Is Fido feeling blue? Or perhaps uncharacteristically lashing out at loved ones?
Fido may not be psychotic after all, just reacting emotionally to a host of undiagnosed aches and pains.
Enter Dawn Eshelman, a 40-year-old pet-sitter who has become a specialist in the art of animal massage. After training as a sports massage therapist at the Institute of Therapeutic Studies in Santa Ana, Eshelman traveled to a Virginia school earlier this year to learn how to apply her art to animals.
She learned her craft on ex-race horses and is now earning $45 an hour for her drug-free approach to equine health. But in addition to working part-time as a sports massage therapist for a local chiropractor, she is applying animal massage techniques to dogs and cats.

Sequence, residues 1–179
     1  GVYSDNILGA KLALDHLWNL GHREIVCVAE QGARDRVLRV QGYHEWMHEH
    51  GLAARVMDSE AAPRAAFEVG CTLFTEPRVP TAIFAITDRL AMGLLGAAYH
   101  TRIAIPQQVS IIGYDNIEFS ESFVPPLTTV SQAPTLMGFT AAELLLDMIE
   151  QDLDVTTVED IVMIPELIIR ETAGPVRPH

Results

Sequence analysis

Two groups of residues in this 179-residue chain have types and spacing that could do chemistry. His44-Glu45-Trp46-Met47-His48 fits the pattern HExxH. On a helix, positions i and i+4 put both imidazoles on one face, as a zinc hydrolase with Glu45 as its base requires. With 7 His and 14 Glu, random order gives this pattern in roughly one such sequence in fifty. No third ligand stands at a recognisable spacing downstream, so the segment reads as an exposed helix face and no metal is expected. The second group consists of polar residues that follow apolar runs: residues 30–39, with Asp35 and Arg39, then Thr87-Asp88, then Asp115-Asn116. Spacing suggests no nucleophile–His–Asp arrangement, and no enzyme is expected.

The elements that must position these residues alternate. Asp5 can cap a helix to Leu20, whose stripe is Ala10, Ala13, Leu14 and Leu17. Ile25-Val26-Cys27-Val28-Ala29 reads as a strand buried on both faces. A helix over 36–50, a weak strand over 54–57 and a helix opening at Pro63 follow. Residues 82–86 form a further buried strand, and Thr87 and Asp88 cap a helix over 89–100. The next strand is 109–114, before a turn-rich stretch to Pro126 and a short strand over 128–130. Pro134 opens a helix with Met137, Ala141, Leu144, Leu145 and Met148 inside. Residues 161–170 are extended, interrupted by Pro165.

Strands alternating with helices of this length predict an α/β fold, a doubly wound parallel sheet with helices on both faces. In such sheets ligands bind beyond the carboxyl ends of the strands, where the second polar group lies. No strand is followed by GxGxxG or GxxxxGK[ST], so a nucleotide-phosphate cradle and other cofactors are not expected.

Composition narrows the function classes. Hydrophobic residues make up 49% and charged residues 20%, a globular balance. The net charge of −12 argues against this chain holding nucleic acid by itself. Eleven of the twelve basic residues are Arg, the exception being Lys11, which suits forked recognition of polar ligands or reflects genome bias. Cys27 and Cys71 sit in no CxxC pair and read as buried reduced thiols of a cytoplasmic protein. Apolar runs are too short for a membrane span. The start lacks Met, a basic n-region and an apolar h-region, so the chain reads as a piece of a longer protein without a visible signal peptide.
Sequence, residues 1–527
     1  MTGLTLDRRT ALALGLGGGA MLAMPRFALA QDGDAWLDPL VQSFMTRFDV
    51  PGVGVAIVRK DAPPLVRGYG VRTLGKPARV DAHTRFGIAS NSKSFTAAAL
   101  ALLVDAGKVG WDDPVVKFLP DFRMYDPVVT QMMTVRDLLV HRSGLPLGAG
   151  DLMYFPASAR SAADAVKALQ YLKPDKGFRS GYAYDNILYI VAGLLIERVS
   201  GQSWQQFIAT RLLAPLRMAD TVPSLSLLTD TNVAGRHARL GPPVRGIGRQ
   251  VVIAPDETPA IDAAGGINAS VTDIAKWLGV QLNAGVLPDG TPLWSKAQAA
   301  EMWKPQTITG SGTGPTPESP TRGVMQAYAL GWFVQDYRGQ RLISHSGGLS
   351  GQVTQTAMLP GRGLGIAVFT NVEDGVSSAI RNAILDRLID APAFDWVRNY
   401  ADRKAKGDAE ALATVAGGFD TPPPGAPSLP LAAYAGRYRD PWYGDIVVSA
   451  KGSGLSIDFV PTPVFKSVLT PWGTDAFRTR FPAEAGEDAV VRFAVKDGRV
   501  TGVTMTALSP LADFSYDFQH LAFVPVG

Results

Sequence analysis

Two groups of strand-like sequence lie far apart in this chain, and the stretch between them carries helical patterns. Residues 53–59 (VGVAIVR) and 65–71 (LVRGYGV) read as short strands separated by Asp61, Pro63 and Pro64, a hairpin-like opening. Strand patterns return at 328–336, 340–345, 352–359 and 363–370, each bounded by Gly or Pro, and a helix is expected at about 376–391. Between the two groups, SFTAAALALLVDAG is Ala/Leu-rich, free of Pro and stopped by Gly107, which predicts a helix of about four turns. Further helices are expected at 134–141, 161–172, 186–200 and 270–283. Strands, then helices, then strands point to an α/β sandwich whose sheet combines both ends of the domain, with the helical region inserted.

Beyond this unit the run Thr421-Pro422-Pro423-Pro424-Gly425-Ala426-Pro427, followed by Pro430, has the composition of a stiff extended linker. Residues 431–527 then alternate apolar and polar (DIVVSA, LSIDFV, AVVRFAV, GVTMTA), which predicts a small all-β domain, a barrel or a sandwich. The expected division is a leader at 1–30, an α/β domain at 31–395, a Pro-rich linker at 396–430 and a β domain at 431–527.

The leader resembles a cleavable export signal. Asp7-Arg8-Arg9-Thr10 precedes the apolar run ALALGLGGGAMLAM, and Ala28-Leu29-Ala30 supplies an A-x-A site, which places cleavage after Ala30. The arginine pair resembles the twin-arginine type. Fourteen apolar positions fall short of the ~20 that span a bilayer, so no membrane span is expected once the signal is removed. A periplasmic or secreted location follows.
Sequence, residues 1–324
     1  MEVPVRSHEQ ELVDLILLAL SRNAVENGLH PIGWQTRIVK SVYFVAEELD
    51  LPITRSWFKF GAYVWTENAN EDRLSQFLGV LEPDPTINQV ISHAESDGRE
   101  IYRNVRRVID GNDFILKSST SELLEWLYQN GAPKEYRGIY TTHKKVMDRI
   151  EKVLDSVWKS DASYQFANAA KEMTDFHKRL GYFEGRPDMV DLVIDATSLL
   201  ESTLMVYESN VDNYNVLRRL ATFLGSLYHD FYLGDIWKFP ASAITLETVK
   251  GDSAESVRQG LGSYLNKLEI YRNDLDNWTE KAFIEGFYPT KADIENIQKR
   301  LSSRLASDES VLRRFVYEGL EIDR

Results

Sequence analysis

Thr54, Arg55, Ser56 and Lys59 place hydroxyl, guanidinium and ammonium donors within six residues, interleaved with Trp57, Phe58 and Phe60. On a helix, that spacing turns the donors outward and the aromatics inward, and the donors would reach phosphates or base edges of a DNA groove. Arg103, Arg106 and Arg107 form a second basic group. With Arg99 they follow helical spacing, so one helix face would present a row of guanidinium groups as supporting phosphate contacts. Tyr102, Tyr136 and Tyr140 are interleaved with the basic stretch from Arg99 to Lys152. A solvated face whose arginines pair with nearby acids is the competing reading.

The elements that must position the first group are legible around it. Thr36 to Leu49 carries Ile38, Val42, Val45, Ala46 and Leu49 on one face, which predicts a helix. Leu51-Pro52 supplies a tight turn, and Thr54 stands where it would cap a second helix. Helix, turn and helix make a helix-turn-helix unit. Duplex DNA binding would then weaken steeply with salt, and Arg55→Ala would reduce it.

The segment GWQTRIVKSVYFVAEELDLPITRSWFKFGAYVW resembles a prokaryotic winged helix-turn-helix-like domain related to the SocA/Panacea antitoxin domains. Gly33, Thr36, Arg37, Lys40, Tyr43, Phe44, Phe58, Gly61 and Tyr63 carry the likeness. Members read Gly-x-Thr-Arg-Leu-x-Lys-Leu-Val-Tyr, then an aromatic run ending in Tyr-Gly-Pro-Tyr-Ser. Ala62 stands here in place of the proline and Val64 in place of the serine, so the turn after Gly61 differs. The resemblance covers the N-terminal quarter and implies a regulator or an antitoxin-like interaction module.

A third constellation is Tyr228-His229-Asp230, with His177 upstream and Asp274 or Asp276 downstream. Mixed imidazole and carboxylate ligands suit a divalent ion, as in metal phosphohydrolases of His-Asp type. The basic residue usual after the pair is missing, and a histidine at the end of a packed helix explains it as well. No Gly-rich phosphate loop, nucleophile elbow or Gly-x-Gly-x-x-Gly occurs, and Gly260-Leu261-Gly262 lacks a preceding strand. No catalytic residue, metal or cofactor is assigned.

"Dog massage isn't really a whole lot different than horse massage," says Eshelman, a former graphic designer for the Maui News in Hawaii who moved to Irvine two years ago. "It's just scaled down."
Eshelman has a regular stable of clients at Serrano Creek Stables in Lake Forest, where she says owners regularly employ the talents of chiropractors and even acupuncturists to give their horses a competitive edge.
Dog massage is most beneficial to older, arthritic dogs who may be developing behavior problems as a reaction to pain, according to Eshelman. One of her favorite clients is an aging, overweight Dalmatian.
"The message really helps her. It doesn't tone her muscles, but it moves out toxins that have built up in muscle tissues," she said.
For dogs and cats, her fees range from $10 to $25, depending on pet size and travel time.
"Most dogs are receptive to being handled," she says, adding that cats are a bit more unpredictable. "Some are receptive to it--some aren't."